• when new instances are added Prometheus will begin scraping, when lost from discovery the time series will also be removed
    • built-in integrations with Consul, Azure, AWS or file based if custom mechanism required
  • JSON/YAML file can be published by the platform specifying all targets to scrape from. Prometheus uses it to automatically update targets

Prometheus Service Discovery

- job_name: 'myapp'
    refresh_interval: 5m # default
    - files:
      - file_sd.yml

Where the published file file_sd.json contains all the current live targets and any attached labels:

        "targets": ["<host>"],
        "labels": {
            "<labelname>": "<labelvalue>"


Prometheus needs to know what to scrape, and that’s where service discovery and relabel_configs come in. Relabel configs allow you to select which targets you want scraped, and what the target labels will be. So if you want to say scrape this type of machine but not that one, use relabel_configs.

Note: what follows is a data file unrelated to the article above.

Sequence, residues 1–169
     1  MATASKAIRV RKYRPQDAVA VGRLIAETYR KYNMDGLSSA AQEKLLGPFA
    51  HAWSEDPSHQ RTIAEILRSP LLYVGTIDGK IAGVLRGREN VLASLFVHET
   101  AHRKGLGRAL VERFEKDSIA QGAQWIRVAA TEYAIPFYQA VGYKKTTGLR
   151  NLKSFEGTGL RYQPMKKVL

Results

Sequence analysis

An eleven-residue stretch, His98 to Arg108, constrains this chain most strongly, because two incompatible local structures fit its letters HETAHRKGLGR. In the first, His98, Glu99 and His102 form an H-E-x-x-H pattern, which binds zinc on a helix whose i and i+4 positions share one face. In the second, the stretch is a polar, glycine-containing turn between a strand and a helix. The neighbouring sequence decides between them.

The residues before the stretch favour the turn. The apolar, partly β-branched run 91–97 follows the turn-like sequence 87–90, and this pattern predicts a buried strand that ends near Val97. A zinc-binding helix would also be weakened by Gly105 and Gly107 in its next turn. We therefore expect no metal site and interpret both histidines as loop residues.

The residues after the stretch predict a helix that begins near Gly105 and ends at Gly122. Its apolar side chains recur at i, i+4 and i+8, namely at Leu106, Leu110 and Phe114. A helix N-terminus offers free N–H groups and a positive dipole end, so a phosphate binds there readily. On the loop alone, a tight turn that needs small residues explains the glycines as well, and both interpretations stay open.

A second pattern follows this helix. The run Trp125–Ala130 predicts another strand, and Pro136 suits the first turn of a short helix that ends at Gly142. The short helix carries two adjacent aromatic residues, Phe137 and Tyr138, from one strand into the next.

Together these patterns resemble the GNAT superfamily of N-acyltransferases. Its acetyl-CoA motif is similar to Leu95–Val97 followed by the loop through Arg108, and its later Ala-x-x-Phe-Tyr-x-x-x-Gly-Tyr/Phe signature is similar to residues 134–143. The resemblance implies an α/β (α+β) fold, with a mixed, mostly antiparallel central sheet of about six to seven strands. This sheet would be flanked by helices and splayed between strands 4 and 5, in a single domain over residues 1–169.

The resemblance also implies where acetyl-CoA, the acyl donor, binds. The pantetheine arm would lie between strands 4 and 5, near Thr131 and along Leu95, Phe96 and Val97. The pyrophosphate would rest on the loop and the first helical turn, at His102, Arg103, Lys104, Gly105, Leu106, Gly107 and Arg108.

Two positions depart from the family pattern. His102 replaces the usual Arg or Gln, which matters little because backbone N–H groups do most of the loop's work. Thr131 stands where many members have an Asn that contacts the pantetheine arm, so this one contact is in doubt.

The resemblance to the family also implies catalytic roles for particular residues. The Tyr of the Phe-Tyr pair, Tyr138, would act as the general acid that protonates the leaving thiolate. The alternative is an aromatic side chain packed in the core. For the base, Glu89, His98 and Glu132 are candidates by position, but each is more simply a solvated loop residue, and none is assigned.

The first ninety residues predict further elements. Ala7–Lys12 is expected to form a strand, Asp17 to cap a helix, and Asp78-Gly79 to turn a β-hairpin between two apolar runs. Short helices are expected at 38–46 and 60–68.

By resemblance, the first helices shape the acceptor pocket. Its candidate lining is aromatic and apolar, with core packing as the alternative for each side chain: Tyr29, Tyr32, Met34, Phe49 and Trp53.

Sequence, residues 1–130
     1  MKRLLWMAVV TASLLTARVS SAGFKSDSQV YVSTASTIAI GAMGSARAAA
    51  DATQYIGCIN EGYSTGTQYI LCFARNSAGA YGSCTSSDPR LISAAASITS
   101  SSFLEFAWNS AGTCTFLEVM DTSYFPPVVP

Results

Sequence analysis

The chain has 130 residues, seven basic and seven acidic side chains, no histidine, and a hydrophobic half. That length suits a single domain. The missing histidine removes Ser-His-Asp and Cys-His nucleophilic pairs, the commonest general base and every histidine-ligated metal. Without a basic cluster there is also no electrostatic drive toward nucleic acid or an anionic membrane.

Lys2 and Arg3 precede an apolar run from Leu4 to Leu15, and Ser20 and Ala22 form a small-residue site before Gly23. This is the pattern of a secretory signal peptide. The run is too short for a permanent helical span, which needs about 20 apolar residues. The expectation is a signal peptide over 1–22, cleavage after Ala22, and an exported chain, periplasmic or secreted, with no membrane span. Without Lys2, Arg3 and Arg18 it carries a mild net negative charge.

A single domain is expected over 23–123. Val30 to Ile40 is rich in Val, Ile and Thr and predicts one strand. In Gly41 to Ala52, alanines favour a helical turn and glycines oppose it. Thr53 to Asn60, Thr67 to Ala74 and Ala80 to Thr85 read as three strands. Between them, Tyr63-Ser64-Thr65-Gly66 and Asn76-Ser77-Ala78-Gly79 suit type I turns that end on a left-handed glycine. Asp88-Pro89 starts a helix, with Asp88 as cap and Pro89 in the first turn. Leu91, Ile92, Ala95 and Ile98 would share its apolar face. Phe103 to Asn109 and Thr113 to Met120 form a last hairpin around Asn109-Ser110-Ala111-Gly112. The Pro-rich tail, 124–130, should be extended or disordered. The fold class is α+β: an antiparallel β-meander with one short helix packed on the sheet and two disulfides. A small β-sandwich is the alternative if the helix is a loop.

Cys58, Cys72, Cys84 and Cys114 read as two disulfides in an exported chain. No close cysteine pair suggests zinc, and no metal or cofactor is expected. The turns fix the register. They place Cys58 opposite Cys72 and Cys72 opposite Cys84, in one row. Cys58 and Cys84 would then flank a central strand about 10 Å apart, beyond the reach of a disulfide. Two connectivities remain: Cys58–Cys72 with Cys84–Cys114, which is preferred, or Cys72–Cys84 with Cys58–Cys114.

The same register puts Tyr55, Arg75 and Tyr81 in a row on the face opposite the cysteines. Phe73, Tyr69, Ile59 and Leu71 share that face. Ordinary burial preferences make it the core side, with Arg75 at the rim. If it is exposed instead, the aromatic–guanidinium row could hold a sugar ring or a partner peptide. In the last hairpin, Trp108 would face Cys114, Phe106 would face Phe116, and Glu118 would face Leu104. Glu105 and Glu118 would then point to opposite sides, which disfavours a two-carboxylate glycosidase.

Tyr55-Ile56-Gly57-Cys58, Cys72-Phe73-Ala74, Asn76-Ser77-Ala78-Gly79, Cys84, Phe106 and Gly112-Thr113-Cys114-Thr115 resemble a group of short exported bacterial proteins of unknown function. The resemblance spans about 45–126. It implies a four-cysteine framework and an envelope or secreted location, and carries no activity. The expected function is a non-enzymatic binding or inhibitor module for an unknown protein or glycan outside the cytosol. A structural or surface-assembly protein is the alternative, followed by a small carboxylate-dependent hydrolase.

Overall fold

metric_relabel_configs by contrast are applied after the scrape has happened, but before the data is ingested by the storage system. So if there are some expensive metrics you want to drop, or labels coming from the scrape itself (e.g. from the /metrics page) that you want to manipulate that’s where metric_relabel_configs applies.

So as a simple rule of thumb: relabel_config happens before the scrape, metric_relabel_configs happens after the scrape

    - source_labels: [__meta_kubernetes_service_label_app]
      regex: nginx
      action: keep
    - source_labels: [__meta_kubernetes_endpoint_port_name]
      regex: web
      action: keep
    - source_labels: [__meta_ec2_public_ip] # rewrite private ip to public from service discovery
      regex: "(.*)"
      replacement: "${1}:9100"
      target_label: __address__

You can perform the following action operations:

  • keep: Keep a matched target or series, drop all others
  • drop: Drop a matched target or series, keep all others
  • replace: Replace or rename a matched label with a new one defined by the target_label and replacement parameters
  • labelkeep: Match the regex against all label names, drop all labels that don’t match (ignores source_labels and applies to all label names)
  • labeldrop: Match the regex against all label names, drop all labels that match (ignores source_labels and applies to all label names)